As animals we humans are supposed to move around. We are physically built for actions and exercise. “If our lifestyle does not provide natural motion of muscles and joints, then disease and great discomfort will ensue with time. Proper exercise should be pleasant to the practitioner while beneficial to the body, mind and spiritual life.”
http://www.sivananda.org/teachings/philosophy/fivepoints.html

Though there are “numerous modern physical culture systems designed to develop the muscles through mechanical movements and exercises…Yoga regards the body as a vehicle for the soul on its journey towards perfection” and the physical exercises develop the mind and spirit as well as the body.

In yoga asanas (steady poses) are what the exercises are called. They are meant to be held for a certain amount of time depending on how advanced a person is. The first efforts in yoga are concerned with increasing the body’s flexibility. Yoga teaches that “the body is as young as it is flexible” and focuses on strength, flexibility, circulation and breathing. The asanas affect the body inside and outside. According to traditional surya namaskar (sun salutation) is done before the asanas. “Although there are many Asanas (8,400,000 according to the scriptures) the practice of the 12 basic postures brings out the essence and all major benefits of this wonderful system.”

“These 12 Basic Postures are:
Headstand (Sirshasana)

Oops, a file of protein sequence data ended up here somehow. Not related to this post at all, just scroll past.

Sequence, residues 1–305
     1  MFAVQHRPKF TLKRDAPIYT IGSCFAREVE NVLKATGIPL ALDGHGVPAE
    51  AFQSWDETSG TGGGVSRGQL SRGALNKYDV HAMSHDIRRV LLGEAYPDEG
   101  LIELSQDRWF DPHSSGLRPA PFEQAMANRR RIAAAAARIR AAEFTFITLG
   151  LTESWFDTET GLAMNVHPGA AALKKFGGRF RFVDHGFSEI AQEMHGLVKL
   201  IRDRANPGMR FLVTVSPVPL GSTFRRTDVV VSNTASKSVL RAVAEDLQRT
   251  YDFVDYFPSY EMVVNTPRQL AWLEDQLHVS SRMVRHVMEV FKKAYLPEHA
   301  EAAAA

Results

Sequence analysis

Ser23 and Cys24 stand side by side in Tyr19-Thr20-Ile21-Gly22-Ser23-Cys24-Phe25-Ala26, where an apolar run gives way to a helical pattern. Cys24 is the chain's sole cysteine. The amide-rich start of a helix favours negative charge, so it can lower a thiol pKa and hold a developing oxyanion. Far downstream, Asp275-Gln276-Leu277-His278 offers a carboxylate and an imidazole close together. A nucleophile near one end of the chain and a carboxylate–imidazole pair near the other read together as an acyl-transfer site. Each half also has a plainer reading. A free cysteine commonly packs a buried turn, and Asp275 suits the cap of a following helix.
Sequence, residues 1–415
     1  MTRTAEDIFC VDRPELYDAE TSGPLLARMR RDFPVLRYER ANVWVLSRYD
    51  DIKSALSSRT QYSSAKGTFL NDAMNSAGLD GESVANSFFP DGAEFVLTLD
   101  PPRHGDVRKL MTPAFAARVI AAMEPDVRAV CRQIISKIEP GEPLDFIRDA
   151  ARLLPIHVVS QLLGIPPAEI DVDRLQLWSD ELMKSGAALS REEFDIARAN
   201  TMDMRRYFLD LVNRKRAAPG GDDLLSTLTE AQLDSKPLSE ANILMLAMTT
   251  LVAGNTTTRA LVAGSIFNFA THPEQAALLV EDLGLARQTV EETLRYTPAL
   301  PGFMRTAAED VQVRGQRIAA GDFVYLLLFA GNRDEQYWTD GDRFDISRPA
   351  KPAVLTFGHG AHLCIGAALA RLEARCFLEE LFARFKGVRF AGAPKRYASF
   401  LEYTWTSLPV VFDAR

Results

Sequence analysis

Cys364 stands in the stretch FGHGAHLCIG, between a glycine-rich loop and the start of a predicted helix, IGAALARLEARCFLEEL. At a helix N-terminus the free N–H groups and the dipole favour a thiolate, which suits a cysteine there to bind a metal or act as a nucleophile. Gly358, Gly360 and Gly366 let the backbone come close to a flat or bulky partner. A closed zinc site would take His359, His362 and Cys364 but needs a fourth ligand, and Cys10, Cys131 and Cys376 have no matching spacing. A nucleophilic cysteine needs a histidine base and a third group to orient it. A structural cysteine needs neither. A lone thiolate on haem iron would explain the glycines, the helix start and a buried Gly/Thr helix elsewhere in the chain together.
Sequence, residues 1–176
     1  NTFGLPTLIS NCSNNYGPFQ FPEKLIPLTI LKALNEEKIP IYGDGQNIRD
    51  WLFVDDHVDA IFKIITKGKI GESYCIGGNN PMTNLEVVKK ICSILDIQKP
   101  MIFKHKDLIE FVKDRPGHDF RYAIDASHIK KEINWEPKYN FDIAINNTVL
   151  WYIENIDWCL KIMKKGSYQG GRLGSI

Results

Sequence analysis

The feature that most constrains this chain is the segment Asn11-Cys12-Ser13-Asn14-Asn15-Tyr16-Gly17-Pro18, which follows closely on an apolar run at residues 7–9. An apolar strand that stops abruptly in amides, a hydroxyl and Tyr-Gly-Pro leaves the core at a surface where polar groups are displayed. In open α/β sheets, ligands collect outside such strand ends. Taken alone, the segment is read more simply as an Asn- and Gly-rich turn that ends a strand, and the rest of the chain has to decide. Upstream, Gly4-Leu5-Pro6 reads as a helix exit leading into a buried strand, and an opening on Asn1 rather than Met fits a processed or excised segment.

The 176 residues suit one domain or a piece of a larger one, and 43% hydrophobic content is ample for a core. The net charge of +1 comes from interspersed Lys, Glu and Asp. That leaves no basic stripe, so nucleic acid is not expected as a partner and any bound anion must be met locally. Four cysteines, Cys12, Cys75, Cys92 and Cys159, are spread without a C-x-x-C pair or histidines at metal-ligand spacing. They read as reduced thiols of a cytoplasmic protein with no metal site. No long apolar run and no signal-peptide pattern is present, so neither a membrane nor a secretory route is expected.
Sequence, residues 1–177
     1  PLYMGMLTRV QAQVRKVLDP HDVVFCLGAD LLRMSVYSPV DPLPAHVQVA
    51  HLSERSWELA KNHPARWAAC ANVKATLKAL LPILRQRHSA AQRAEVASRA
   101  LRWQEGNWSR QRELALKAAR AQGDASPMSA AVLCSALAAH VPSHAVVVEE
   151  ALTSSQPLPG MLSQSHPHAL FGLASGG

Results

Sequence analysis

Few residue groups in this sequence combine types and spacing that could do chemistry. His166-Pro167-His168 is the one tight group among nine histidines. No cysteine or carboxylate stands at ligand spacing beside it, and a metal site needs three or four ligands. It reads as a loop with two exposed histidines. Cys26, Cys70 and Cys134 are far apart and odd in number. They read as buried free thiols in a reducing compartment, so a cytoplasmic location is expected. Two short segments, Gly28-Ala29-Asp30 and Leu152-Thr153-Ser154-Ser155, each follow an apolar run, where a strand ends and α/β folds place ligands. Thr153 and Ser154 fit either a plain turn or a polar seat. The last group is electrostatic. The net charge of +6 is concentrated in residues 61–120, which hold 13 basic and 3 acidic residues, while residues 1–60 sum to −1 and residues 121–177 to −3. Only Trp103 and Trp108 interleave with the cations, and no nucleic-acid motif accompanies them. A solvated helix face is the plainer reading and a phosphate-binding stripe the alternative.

Shoulderstand (Sarvangasana)
Plough (Halasana)
Fish (Matsyasana)
Forward bend (Paschimothanasana)
Cobra (Bhujangasana)
Locust (Shalabhasana)
Bow (Dhanurasana)
Spinal twist (Ardha Matsyendrasana)
Crow pose (Kakasana) or Peacock pose (Mayurasana)
Standing forward bend (Pada Hasthasana)
Triangle (Trikonasana)”

Usually at the end of practice a deep final relaxation pose is done - Corpse (Savasana)
“Sitting postures for meditation and Pranayama include the lotus pose.” Meditation is quiet awareness and relaxation and pranayama is breathing and a comfortable position is necessary to be able to do yoga relaxation and breathing correctly.
http://www.sivananda.org/teachings/asana/exercise.html

If you know anything about yoga and the above asanas you may not think these poses are basic in the usual sense of being something simple and easy. Most of these poses seem quite advanced and difficult to do and may take years to develop proficiency so I don’t know if I consider them basic. Maybe the yogis at this website think these are the (basic) ones everybody should know and try to achieve but not the basic ones for beginners who are just starting out.